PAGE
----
In the days before digital effects, filmmakers had to rely on more old-fashioned techniques for creating movie magic. Stop-motion animation is a filmmaking technique that makes inanimate objects appear to move on their own. Today, we'll go back to the days of stop-motion filmmaking to try our hands at this technique from the past.
Ask About Today
What can you tell me about stop-motion films? How do you create stop-motion animation? (And make sure they show you one of the many stop-motion clips they made today.)
If you created a stop-motion film about something that's happened this year, what would it be about and why?
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What is stop-motion filmmaking, anyway? Before you can become a stop-motion filmmaker, dive into what it is and how it all works.
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Behind the Stop-Motion Scenes
The Evolution of Stop Motion Animation
The Motion of Kubo
The animated move Kubo and the Two Strings is one of the more recent films to use stop-motion techniques. Take a look at the painstaking work it takes to bring those puppets to life.
Stop-Motion at Home
In this short clip, you'll learn how you can start making stop-motion films right at home. (We'll get to that shortly!)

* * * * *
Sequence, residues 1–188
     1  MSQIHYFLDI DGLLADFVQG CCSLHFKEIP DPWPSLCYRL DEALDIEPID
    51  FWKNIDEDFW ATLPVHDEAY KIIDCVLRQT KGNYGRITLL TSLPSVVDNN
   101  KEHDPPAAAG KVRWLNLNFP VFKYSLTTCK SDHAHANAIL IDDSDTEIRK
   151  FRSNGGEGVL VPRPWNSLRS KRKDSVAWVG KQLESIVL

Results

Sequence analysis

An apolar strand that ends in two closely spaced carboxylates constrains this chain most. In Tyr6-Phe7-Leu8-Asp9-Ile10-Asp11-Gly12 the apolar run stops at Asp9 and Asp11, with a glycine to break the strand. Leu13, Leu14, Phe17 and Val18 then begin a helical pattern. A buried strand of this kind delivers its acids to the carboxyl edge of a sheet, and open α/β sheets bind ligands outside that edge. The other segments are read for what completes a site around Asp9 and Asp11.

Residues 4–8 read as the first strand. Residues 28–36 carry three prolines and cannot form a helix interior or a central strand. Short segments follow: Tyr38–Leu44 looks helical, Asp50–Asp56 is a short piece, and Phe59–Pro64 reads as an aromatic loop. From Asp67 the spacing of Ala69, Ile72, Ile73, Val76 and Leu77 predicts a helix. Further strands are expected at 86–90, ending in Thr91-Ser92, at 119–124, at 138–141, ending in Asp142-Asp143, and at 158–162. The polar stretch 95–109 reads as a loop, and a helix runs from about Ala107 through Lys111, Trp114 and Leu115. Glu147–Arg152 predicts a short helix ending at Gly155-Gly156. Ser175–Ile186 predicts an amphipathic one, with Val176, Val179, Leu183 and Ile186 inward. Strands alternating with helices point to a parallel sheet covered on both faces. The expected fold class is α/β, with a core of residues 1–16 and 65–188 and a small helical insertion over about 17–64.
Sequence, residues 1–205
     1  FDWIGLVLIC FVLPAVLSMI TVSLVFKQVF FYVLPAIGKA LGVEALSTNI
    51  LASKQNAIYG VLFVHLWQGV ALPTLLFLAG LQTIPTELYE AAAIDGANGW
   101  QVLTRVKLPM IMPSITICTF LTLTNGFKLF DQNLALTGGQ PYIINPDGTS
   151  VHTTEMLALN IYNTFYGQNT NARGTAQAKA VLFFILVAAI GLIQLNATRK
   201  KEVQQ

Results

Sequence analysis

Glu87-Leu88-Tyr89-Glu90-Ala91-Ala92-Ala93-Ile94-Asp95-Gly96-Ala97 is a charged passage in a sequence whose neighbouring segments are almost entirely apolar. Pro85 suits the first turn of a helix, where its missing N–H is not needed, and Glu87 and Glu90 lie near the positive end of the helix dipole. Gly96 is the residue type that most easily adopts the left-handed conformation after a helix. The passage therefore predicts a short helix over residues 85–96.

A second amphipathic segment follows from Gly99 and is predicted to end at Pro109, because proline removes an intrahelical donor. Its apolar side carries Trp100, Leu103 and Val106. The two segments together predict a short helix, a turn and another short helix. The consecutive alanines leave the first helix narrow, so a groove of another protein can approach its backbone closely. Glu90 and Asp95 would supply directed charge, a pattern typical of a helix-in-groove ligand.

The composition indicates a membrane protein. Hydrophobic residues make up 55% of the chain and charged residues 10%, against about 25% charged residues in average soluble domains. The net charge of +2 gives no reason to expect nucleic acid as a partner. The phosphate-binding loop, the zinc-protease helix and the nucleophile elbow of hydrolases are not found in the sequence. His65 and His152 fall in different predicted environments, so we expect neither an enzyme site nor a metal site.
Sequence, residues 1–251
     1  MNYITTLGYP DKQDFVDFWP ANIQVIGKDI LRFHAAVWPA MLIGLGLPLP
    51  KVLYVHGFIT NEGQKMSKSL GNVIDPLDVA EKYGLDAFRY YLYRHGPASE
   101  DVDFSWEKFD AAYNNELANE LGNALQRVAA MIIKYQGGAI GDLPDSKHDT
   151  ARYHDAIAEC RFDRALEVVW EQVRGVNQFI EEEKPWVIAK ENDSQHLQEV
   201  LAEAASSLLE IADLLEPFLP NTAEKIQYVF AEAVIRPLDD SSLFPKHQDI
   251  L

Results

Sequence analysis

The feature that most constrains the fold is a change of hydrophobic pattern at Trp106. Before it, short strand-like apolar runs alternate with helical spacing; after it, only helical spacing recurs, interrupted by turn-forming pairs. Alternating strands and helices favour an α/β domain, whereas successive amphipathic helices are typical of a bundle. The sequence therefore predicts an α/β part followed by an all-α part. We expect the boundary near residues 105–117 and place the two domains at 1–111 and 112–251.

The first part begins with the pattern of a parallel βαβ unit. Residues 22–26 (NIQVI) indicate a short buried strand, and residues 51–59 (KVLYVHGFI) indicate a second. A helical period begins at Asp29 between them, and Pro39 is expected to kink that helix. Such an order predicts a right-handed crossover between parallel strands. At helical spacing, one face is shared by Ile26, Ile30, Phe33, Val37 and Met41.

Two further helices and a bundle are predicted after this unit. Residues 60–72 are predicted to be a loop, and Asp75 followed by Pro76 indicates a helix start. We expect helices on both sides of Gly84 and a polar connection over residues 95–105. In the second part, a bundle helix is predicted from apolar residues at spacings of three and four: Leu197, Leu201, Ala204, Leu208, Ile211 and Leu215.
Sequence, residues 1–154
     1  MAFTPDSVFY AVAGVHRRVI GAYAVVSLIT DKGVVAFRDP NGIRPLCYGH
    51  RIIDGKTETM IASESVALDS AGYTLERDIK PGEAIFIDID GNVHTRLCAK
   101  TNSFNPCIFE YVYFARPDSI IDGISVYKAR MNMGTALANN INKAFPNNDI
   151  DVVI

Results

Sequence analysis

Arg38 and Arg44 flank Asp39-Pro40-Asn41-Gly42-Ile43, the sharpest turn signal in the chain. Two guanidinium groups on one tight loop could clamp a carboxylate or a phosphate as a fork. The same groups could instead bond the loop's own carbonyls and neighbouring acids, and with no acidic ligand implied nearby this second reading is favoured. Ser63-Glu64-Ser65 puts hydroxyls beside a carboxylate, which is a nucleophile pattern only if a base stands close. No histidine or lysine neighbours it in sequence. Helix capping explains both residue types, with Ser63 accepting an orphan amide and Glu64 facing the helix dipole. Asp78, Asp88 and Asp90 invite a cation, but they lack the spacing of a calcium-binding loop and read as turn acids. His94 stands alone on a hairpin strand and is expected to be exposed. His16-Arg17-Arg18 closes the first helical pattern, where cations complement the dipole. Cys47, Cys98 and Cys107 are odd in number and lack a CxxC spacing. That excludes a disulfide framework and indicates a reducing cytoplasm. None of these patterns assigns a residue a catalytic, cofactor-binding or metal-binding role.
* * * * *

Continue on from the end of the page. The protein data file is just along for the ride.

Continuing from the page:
Stop motion animation makes inanimate objects appear to move on their own. Now, you'll try making your own.
Stop-Motion In Action
Place an object or toy in front of your camera and snap a photo using your Stop Motion Studio app. Then, you'll move the object a tiny bit and snap another photo. Repeat this process twenty times (or twenty-thousand times!). When you play back the sequence quickly, the object will look like it's moving.
Need More Help? Follow the steps right here.
Flip Book Animation
No camera? No problem! Flip book stop-motion is just as cool. All you need is a pen, a pack of sticky notes, and these instructions.
Turn your walk into a short film.
What if the most mundane activities could become stop-motion films? On today's walk with a sibling or family member, give them simple tasks to do—things like picking up a leaf, moving a stick from one spot to another, or just climbing the front steps.
The trick is, they have to do it one small motion at a time! Stand in one place and take photos as they move. For example, if they are throwing a ball, take 10 photos of them bringing their arm with the ball back, then another 10 as they bring it forward to throw. Using your stop-motion app, turn your photo series into a mini stop-motion film.
Be Safe: Ask an adult before going outside.